21 March 2012





I'M GOING TO MAKE THIS ONE QUICK, AND HOPEFULLY PAINLESS (UNLIKE THE ARTICLE ITSELF). I was really really hoping that the cover article about TAYLOR SWIFT was going to delve into something about SWIFT that she hasn't reveled in interviews yet. Like why she's so obsessed with love, or something about her family life, or her struggle for success. I'm bringing up all these particular topics because they were covered in the article. And much like a SWIFT SONG, they were vaguely answered.

THAT SEEMS LIKE AN ERRONEOUS STATEMENT, N'EST PAS? Sure is. As a former TAYLOR SWIFT FAN MYSELF. . . yes I was once swept away by her wavy long hair and in infectiously popular crossover country songs that were about puppy love at best . . . I understand where the error might lie in a statement like "TAYLOR SWIFT'S SONGS DON'T REVEAL MUCH ABOUT THE SINGER." Here's what I'm trying to say: you may think you really know about what happened between TAYLOR SQUARED by listening to "BACK TO DECEMBER" but really you don't. You just know that she "messed up" or something and "wants to go back to December". OH, and that E! News told you it was about TAYLOR LAUTNER. 

SO WHAT IT REALLY COMES DOWN TO IS THE "HOLY SH!T" MOMENT. And that this article never delivered that. Yeah yeah yeah, we all know that TAYLOR SWIFT is adorable, sweet, charming, cute, the nicest person ever, she was the outcast in school (which I find HARD to believe). No, "HOLY SH!T TAYLOR SWIFT IS JUST LIKE ME BECAUSE SHE IS X, OR DOES X". I didn't learn anything new about her.  Except, I supposed, that she likes fashion.


THIS ISN'T EXACTLY AN ARTICLE. WELL, SCRATCH THAT, IT IS. BUT NOT THE LENGTH OF A TYPICAL ARTICLE. Now that that's settled. This petit article about ALEXA CHUNG is just long enough to swallow and stomach before you get those horrible cramps from the pretentiousness you just consumed. I just want to say that the whole 200 words were worth it to hear her take on styling Jason Wu's collection for Target:


HERE COMES A BIG, HYPOCRITICAL, SELF REFLECTIVE REALIZATION. Alexa Chung, I think we're not much different after all. I think I like you.


IF YOU'RE AN AVID READER OF VOGUE MAGAZINE, you've probably noticed all the "themed" articles sprinkled throughout the massive amounts of advertising at the beginning of the magazine. BUT THEN AGAIN, maybe you haven't. DON'T FRET. I find some of this articles hard to connect with and most of the time I just skip right on through to the main stuff anyways.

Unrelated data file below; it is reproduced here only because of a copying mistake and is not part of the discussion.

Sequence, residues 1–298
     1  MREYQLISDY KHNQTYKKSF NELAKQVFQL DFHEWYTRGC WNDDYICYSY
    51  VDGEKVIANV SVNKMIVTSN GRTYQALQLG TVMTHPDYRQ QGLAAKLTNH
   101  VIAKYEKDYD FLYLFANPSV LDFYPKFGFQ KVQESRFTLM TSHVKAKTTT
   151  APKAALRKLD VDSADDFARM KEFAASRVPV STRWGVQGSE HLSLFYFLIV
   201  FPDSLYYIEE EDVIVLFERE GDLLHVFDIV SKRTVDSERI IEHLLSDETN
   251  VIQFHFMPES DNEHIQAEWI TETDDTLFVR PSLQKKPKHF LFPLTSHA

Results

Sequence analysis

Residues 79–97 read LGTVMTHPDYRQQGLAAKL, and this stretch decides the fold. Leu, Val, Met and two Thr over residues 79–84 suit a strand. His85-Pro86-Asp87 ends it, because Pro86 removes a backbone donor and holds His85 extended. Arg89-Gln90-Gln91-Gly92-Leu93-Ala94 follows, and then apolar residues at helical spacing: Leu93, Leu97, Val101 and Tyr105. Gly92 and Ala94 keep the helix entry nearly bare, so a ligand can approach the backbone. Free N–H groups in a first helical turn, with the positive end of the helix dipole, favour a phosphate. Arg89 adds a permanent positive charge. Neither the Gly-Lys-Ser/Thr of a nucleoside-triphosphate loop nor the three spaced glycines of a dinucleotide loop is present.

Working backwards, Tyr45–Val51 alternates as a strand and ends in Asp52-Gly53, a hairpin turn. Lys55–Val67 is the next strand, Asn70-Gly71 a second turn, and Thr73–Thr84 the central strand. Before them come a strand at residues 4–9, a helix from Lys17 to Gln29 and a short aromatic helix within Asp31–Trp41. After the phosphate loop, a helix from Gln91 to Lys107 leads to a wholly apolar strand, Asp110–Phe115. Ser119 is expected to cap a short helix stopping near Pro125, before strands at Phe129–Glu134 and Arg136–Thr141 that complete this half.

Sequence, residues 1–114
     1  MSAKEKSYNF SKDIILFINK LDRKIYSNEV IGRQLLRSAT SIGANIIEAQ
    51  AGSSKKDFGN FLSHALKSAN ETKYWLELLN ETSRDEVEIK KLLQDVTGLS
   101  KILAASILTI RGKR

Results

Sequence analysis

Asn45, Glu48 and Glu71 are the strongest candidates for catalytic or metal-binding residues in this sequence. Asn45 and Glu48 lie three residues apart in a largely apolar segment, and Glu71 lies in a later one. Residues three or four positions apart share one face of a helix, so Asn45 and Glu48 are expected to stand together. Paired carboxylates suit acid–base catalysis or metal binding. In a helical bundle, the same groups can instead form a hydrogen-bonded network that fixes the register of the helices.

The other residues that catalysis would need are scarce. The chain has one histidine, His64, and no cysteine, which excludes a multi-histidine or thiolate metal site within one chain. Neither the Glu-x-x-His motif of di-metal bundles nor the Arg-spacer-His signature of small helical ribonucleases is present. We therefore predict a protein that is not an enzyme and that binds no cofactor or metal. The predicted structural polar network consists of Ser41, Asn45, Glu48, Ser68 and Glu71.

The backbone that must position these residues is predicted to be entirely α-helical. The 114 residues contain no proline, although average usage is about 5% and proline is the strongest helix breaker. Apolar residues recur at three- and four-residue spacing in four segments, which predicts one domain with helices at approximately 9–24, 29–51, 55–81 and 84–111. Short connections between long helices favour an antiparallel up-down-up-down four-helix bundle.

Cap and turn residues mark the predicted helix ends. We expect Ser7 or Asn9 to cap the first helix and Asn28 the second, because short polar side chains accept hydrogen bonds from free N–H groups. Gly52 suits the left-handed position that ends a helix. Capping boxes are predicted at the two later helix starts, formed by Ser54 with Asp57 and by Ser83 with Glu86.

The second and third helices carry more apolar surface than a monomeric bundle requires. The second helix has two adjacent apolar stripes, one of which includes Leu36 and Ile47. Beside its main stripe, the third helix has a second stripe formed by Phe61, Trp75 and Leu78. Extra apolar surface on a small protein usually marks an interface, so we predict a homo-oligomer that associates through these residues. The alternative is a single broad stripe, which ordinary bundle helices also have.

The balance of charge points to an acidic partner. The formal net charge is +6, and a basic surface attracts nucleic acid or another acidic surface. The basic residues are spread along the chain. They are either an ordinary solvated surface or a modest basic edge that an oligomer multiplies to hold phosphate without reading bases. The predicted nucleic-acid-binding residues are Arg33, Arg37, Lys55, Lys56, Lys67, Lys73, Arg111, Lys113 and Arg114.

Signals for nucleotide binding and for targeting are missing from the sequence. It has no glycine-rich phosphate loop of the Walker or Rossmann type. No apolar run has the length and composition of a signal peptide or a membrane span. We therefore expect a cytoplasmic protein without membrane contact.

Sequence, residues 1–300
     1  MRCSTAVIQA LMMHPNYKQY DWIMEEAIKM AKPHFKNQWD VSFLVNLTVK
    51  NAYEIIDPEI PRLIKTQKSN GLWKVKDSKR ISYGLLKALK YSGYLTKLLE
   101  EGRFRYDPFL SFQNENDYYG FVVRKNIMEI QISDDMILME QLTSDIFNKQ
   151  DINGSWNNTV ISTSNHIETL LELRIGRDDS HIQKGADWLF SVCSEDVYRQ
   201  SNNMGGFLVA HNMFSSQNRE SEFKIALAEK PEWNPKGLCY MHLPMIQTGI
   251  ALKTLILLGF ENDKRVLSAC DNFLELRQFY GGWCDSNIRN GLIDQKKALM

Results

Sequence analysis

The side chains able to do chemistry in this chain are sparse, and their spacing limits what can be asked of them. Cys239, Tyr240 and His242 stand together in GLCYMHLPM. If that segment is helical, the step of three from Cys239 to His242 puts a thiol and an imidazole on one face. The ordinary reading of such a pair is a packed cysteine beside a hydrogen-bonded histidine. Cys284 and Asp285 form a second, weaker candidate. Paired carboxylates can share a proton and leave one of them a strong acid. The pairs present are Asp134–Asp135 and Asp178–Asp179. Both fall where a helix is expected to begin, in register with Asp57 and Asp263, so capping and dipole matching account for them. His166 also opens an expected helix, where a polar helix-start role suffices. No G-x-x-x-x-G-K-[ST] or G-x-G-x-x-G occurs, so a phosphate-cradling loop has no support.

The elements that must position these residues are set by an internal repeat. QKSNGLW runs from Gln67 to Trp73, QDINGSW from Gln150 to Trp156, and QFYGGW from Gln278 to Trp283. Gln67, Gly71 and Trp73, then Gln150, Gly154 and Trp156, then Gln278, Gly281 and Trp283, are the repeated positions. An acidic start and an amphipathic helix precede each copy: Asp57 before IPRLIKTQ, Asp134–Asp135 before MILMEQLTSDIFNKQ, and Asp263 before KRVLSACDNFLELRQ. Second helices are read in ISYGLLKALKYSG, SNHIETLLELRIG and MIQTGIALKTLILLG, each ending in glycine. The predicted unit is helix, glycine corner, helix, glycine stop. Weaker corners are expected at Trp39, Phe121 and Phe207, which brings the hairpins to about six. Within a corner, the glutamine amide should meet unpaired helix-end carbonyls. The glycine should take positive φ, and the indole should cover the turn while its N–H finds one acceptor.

THE NOSTALGIA PIECE "PARIS AFTER DARK" CAUGHT MY EYE THOUGH. A mini memoir of a former VOGUE EDITOR who happened to rub elbows with Gertrude Stein in 1940's France? Sounds like an article that would deeply interest me, since my favorite era of writing Stein was involved in. And I'm basically Owen Wilson in Midnight in Paris.

This article definitely satiated my nostalgic appetite on so many levels. It centered around a woman I don't know much about, and her highly famous modernist art collection. What was really cute about this article is that the writing was dictated to Leslie Camhi, and so the writing was most declarative. Little literary nods like that (Ernest Hemingway, one of the writers Gertrude edited, wrote in declarative sentences) always tickle me.


ANOTHER ISSUE WHERE THE INTERVIEW/ARTICLE ABOUT THE DESIGNER OVERSHADOWS THE COVER ARTICLE. I understand the need to make money, but I think just as many people would be buying magazines to read about MARC JACOBS and THE MULLEAVY SISTERS of RODARTE, as they would about MERYL STREEP and TAYLOR SWIFT.

AS A RELATIVELY YOUNG FASHION HOUSE, there isn't much to learn about the Mulleavy sisters. But what they're better at doing than MARC JACOBS, is really honing in on their inspiration and describing how that very literally translated to their SPRING 2012 collection. It isn't all about VAN GOGH, though it's easy to pin point that as they're only inspiration. It's about the cosmos, the stars, and the sunflowers that sprinkle California.

BUT IT IS COMFORTING TO KNOW, if you get an English Literature degree, you can become just as successful at whatever you want to do, like fashion. Thanks LAURA MULLEAVY.



IRONICALLY ENOUGH, "BARE MINIMUM" IS THE ONLY EDITORIAL IN THIS ISSUE I ACTUALLY LIKED. And there were only two.  It was a thin issue, as was the last. There are so many reasons/levels of my admiration for this editorial. It's supposed to be showcasing these classic, minimal bags. Sounds like it would be right up my style alley? Duh. And in a fun, poppy type of way. "Let's dress up the model in classic silhouettes and have her ripping things, tearing things, over embellishing things into confusion." A perfect way to showcase the simple elegant shapes and styles of the bags.


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